Local POs facing reduced hours
Embattled Postal Service cutting back to save money
Times Staff Writer
Originally published 2013-02-21
Amid financial difficulties for the U.S. Postal Service (USPS) that have cropped up in recent years, the agency is looking at new ways to strengthen its financial climate.
Two of those proposals — reducing hours for rural post offices and discontinuing Saturday mail delivery — are expected to impact post offices in the Gunnison Basin.
It’s been a tumultuous couple of years for rural post offices in the Gunnison Basin — four of which were previously slated for the chopping block. And though these community staples may not be going away entirely, hours at Parlin, and eventually in Sargents, Powderhorn and Pitkin, will be slashed considerably.
In May 2012, after communities expressed concern about the possible closure of 3,650 rural post offices, USPS proposed a new solution — reducing hours at some facilities to two, four or six operating hours per day, six days a week.
“Obviously there was local concern about loss of community identity, loss of access to services, as well as secondary and tertiary things that a post office means to a town. So we went back to the drawing board and decided to retain services in those communities,” said Dave Rupert, head of USPS corporate communications in Colorado. “We’re changing the hours at 13,000 post offices. That way we can spread the pain and not make it so severe.”
The Parlin post office will be the first in the valley to cut back to two hours, beginning this coming Monday. The office will be operated by a postal clerk and will not be overseen by a postmaster, said Rupert. No official date has been selected for other area post offices, but the changes are slated to be implemented by September 2014.
“It’s going to require a little more planning on the customers’ parts, since they won’t have the same accessibility,” said Rupert. He added that customers will still have 24-hour access to their P.O. boxes, but will only have access to retail services during the limited hours.
USPS ended 2012 with an annual loss of $15.9 billion, according to the USPS Annual Report to Congress. Although the USPS is an agency of the federal government, the entity does not receive taxpayer support and generates income almost entirely through retail services.
But one concerned Pitkin resident said she feels this is just another avenue for the USPS to close down rural offices altogether.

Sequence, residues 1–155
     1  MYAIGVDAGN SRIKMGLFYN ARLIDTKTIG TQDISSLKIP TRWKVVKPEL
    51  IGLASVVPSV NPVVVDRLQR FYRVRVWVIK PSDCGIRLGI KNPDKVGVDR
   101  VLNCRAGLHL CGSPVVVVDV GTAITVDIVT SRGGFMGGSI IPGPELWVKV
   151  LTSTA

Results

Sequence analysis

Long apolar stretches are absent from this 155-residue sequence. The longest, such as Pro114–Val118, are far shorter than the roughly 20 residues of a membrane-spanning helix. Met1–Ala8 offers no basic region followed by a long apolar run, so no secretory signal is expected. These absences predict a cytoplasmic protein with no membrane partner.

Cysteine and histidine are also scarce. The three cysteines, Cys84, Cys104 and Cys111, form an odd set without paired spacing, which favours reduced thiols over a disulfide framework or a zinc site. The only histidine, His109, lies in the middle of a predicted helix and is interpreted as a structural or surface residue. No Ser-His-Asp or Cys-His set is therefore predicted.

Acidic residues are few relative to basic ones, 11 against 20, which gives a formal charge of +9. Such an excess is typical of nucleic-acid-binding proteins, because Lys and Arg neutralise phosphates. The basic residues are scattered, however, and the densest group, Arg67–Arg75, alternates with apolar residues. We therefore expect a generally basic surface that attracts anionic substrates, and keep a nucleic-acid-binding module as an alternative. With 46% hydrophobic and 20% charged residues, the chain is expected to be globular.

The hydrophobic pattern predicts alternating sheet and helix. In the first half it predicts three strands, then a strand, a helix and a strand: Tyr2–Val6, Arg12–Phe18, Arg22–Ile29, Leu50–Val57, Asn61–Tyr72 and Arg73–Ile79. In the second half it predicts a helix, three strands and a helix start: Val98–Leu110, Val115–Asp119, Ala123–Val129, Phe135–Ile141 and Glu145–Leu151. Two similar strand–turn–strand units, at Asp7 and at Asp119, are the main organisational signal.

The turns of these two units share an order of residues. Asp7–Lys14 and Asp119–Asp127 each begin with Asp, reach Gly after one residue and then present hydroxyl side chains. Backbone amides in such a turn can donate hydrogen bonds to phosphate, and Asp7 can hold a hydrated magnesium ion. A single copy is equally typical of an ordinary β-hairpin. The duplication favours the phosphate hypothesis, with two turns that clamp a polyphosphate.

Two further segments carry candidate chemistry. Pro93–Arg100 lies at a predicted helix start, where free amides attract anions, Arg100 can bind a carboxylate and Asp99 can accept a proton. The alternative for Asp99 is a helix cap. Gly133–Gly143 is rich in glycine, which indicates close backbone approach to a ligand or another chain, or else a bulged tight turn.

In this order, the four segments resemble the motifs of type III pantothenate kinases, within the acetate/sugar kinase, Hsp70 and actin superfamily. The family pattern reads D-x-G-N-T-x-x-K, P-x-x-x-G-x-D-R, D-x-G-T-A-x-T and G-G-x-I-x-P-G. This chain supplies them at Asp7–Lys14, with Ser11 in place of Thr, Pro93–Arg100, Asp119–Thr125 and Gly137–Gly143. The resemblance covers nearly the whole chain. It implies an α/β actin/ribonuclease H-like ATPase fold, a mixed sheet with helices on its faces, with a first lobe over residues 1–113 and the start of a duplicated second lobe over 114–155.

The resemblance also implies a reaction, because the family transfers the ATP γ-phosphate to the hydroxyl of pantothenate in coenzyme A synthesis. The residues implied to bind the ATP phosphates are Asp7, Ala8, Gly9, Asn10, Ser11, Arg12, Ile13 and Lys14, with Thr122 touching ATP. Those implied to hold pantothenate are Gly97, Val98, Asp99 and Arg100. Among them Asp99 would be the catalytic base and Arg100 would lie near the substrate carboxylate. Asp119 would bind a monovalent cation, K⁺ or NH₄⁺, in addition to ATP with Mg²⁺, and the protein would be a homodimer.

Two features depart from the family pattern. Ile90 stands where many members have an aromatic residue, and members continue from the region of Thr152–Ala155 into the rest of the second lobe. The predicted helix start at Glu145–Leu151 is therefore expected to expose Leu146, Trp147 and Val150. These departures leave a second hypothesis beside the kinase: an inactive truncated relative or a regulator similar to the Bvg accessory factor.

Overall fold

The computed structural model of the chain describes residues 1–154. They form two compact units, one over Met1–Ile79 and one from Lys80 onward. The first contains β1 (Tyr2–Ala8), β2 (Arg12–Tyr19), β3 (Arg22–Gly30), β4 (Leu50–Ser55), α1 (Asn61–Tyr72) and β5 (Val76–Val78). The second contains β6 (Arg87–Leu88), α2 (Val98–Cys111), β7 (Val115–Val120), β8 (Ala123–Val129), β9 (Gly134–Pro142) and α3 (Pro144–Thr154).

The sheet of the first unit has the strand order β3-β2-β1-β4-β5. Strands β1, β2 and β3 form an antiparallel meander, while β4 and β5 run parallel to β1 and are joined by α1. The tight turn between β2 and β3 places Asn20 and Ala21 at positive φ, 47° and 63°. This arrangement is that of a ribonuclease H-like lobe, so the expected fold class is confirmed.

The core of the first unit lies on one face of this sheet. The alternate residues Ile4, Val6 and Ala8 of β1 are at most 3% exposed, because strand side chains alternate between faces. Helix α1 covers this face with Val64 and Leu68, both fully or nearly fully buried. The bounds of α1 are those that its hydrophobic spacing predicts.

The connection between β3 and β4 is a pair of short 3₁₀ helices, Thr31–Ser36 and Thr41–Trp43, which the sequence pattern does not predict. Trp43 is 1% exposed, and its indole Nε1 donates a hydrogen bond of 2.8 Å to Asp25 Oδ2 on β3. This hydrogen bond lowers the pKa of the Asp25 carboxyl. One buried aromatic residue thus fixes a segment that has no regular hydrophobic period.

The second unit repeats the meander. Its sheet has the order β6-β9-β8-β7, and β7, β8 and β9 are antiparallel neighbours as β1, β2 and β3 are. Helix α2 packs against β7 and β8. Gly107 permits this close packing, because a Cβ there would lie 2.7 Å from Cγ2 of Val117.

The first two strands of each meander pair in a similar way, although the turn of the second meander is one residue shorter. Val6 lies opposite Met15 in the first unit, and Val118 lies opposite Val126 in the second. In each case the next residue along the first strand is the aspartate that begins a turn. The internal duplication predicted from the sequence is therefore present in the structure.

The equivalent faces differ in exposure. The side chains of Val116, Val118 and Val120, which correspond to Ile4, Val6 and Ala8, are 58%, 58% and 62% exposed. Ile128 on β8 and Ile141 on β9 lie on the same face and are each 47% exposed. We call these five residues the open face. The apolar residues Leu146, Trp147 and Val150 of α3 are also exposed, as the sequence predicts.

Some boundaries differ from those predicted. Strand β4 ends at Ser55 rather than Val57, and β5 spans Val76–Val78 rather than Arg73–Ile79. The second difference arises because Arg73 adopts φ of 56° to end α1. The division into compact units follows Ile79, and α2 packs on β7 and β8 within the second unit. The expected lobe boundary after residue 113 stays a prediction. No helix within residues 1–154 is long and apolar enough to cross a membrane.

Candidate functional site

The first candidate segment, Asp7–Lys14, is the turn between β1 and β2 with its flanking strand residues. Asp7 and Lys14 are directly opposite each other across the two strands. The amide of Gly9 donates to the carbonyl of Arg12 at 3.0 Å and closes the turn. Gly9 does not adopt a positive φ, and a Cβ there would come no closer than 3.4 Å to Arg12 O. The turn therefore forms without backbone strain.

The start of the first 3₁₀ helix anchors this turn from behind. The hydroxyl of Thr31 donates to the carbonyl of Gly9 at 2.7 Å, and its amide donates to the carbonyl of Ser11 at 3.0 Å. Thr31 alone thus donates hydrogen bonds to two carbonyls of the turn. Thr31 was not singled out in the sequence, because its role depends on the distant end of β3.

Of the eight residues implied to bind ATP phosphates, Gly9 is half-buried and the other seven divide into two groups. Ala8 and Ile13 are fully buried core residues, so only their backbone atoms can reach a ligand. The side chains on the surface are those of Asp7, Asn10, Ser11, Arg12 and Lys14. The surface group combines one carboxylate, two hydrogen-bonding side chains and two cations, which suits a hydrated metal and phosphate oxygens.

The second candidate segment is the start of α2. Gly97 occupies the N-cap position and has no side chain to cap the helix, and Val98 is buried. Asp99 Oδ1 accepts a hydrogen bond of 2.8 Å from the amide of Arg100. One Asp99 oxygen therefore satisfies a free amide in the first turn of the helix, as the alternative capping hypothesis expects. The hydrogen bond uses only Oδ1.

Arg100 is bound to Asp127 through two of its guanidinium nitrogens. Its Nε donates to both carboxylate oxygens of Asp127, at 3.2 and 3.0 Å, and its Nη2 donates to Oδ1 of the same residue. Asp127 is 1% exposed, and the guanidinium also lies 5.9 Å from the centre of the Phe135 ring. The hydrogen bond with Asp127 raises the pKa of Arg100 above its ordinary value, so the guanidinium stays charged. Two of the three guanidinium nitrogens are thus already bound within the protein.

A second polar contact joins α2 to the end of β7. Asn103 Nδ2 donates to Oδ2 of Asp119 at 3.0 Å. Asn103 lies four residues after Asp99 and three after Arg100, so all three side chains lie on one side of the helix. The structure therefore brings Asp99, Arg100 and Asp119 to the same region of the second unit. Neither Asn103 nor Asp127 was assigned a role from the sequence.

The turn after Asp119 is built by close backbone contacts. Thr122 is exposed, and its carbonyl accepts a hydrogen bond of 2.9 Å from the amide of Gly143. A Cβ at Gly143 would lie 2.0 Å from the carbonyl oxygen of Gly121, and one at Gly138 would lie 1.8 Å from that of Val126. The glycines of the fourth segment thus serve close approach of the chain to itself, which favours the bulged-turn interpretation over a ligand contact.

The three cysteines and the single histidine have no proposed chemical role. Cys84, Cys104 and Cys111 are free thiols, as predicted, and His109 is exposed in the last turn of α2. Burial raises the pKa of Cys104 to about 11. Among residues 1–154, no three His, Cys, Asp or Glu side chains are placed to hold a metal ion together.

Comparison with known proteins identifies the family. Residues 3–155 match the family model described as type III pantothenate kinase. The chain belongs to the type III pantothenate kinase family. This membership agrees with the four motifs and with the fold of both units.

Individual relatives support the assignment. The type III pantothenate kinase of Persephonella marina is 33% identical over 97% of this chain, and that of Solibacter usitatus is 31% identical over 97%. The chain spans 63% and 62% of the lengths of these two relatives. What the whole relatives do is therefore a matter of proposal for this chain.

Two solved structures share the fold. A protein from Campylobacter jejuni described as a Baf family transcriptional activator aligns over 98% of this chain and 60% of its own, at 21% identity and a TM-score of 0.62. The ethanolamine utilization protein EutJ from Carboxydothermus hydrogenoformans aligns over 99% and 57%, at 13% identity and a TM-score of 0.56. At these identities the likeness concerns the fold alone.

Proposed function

“I think this is just a way for them to slowly strangle our post office,” said Suzy Metzler, a trustee for the Town of Pitkin. “We’re so remote — 27 miles from Gunnison. But there are people who really live here and own home businesses and we just really need a post office.”
She added she believes it will be difficult to find an employee willing to work only two hours per day, six days a week.
Still, Rupert said that there are currently hundreds of post offices across the country that are only open two hours per day.
County Attorney David Baumgarten met with a number of USPS officials last week to discuss the Parlin closures. He told the Gunnison County Commissioners Tuesday that Pitkin, Sargents and Powderhorn post offices were also addressed, which officials indicated would all be reduced to two hours per day, as well.
“We’re not going to be successful at getting hours higher than that,” he told the commissioners.
The total anticipated savings from reduced hours at rural post offices is $500 million.
Another cost-reducing measure, which could save USPS $2 billion, is decreasing mail delivery to all recipients to five days a week, Monday through Friday. Mail will no longer be delivered to street addressed on Saturdays, beginning in August.
Packages and mail addressed to P.O. boxes will still be delivered on Saturdays, and post offices will maintain their Saturday retail hours.
According to a press release issued Feb. 17 by USPS, 80 percent of Americans favor the new delivery schedule.
(Laura Anderson can be reached at 970.641.1414 or email@example.com)